To her, I would like to say the same thing I’ve been saying at the university where I’m thrilled to be teaching my last class ever: Engaged is not educated!

I tossed in my sleep considering this great rift in understanding and reactions, and to my very pleasant surprise when I woke a brilliant piece of insight had been posted on Youtube by Truthstream Media, which I promptly sent to Mom and re-posted across social media.

This couple does excellent work, and if folks are really waking up, it’s thanks to them and those like them, boldly and courageously speaking truth to power, and putting their youthful exuberance into righteous anger, expressing a proper amount of snark and frustration, usually, but always deliberate, creative action, and especially oh-so-many undeniable facts for the lamestream watchers to reckon with.

Manufactured Civil Unrest and Regime Change: Is America Next?

 

 

bread

Breads from Julia Child’s book: Baking with Julia

 

 

 

 

 

 

 

Traditional Foods for Great Health

I’ve loved cooking for as long as I remember.  As a young girl that meant macaroni and cheese or Hamburger Helper from a box.  Being from the mid-west casseroles were of course an early specialty.  But we did not eat healthy.  We were like most suburb-dwellers since the rise of supermarkets and fast food.  Canned vegetables, TV dinners, bologna sandwiches, I’m sure you get the picture.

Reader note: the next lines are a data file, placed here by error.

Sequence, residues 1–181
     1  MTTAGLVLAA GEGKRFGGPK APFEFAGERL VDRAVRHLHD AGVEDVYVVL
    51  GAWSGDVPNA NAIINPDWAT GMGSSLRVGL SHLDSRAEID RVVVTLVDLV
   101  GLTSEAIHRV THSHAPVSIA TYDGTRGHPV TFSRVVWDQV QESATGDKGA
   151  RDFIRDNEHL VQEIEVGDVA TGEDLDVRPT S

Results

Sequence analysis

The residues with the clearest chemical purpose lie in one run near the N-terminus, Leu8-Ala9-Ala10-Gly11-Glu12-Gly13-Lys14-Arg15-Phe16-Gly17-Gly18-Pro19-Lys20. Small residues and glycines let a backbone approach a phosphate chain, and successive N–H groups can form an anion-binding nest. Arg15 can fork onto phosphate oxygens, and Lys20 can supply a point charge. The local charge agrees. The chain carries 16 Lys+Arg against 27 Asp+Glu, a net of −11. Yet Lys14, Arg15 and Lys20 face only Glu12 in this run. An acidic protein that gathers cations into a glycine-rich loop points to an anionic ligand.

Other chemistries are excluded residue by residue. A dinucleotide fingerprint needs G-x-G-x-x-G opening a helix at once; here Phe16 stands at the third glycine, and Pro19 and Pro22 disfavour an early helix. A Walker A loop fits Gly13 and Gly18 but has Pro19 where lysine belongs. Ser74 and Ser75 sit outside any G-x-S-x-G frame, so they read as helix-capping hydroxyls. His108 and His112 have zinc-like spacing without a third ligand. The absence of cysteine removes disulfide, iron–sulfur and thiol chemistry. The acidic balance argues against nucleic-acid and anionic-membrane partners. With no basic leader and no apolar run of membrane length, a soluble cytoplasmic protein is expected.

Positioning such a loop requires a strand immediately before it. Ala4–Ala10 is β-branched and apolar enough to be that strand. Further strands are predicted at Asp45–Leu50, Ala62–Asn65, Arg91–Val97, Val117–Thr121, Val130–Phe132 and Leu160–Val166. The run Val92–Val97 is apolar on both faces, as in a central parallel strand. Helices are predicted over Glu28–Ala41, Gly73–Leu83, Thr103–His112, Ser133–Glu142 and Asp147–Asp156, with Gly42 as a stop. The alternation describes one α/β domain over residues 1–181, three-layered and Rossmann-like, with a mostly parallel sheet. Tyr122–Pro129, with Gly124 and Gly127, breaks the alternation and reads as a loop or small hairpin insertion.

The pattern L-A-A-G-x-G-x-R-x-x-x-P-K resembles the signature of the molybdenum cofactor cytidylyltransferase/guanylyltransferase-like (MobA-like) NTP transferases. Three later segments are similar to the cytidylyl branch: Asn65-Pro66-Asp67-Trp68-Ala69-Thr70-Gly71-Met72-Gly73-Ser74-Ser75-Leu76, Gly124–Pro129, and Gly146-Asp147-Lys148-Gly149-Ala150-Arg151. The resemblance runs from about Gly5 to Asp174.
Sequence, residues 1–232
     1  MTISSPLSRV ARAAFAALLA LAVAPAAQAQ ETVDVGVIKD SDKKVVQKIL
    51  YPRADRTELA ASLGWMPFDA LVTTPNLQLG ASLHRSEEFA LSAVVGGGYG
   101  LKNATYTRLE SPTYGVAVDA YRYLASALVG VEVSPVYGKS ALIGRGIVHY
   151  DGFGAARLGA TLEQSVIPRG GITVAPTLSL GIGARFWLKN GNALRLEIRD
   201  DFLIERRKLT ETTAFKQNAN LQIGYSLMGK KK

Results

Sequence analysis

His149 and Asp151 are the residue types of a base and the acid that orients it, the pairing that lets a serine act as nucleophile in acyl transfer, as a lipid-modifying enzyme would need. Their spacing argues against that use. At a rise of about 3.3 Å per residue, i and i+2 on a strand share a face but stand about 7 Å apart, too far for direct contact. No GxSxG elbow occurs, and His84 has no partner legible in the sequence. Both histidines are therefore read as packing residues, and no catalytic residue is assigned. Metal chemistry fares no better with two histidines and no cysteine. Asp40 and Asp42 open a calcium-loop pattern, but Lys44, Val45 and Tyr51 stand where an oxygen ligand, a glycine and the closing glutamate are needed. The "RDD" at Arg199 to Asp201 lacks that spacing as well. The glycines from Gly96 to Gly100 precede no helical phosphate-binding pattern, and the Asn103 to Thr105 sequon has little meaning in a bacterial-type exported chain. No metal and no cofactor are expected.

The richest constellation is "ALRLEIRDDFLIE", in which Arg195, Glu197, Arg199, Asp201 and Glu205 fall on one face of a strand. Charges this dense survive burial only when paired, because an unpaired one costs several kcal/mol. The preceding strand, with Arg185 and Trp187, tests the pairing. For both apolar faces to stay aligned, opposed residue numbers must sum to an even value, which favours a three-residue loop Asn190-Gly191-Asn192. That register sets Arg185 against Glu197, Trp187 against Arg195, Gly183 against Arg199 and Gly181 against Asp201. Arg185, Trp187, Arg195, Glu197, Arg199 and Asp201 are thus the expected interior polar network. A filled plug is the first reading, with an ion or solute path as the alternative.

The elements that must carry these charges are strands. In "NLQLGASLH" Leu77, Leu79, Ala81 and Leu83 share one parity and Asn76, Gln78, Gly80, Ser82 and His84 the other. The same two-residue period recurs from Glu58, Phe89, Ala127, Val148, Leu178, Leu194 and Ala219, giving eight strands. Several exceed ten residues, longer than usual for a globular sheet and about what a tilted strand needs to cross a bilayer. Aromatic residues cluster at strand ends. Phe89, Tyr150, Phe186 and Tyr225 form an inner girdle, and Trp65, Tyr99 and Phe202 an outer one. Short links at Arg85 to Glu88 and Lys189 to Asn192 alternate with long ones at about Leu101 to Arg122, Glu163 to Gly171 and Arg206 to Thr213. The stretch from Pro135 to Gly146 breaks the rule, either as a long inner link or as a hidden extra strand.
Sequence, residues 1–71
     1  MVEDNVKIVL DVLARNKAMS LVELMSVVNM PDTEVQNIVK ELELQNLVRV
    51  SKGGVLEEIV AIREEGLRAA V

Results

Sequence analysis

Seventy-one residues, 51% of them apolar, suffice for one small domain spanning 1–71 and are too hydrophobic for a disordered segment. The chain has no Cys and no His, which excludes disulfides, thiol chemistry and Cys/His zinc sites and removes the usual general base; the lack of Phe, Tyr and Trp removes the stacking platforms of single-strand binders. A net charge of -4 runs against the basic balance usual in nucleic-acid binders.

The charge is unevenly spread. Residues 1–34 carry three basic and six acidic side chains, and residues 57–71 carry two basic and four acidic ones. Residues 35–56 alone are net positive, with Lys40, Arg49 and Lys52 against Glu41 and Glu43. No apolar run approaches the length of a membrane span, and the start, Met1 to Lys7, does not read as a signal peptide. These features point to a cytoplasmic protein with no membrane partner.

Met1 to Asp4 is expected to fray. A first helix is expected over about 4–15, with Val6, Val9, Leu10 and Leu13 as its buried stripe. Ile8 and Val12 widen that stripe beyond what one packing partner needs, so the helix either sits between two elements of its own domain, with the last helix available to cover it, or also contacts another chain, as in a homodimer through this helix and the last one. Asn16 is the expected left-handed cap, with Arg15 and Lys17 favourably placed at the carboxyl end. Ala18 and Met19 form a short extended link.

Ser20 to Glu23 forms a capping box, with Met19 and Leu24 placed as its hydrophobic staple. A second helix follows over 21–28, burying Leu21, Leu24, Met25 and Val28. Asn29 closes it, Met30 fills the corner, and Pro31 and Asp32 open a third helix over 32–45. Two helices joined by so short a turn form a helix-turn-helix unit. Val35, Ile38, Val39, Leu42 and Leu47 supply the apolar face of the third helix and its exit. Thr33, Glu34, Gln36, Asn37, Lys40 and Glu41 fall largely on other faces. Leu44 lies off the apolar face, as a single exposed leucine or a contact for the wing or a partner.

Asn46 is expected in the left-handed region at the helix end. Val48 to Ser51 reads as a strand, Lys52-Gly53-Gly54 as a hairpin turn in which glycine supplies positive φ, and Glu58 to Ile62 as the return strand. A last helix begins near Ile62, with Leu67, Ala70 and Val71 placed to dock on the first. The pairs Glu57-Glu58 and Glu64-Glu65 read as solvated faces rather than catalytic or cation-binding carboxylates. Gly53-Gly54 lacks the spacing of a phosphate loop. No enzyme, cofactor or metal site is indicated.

My palate and preferences have evolved significantly over the years, a good deal of it thanks to Handy Hubby, who is a fabulous cook.  What we like to cook differs, but usually compliments one another, and our time cooking together is fun and bonding, usually.  That is, as long as he doesn’t watch me chop anything.

Our preferences took a big leap when we started growing much of our own food.  This has been a huge and continuing learning curve, but it excites me to learn new things and I find growing and harvesting our own food immensely satisfying.

For newcomers now it’s becoming much easier with homesteading-type courses popping up all over, even online.  City and country folk are really getting organized around important traditional food and lifestyle concerns, like raw milk, GMOs, pesticides, water quality and on and on.  I find it thrilling it’s getting so popular!  In the beginning friends and family thought we were nutcases moving out here and experimenting with this lifestyle and no one knew what “homesteading” meant in the way that’s now becoming quite a movement.  Much more on all of this in future posts!

For now I just wanted to share for those just starting out on the journey to better health one course I just heard about through The Weston A Price Foundation, an amazing resource for the traditional foods resurgence.  My favorite cookbook is written by their President, Sally Fallon, called Nourishing Traditions: The Cookbook that Challenges Politically Correct Nutrition and the Diet Dictocrats.  It’s got it all: fermenting, cultured dairy, game and organ meats, sauces, condiments and very interesting culinary history.

The course sounds like it would be a great place to start for anyone just getting interested, and it’s free!

https://foodwifery.com/processed-to-real-foods/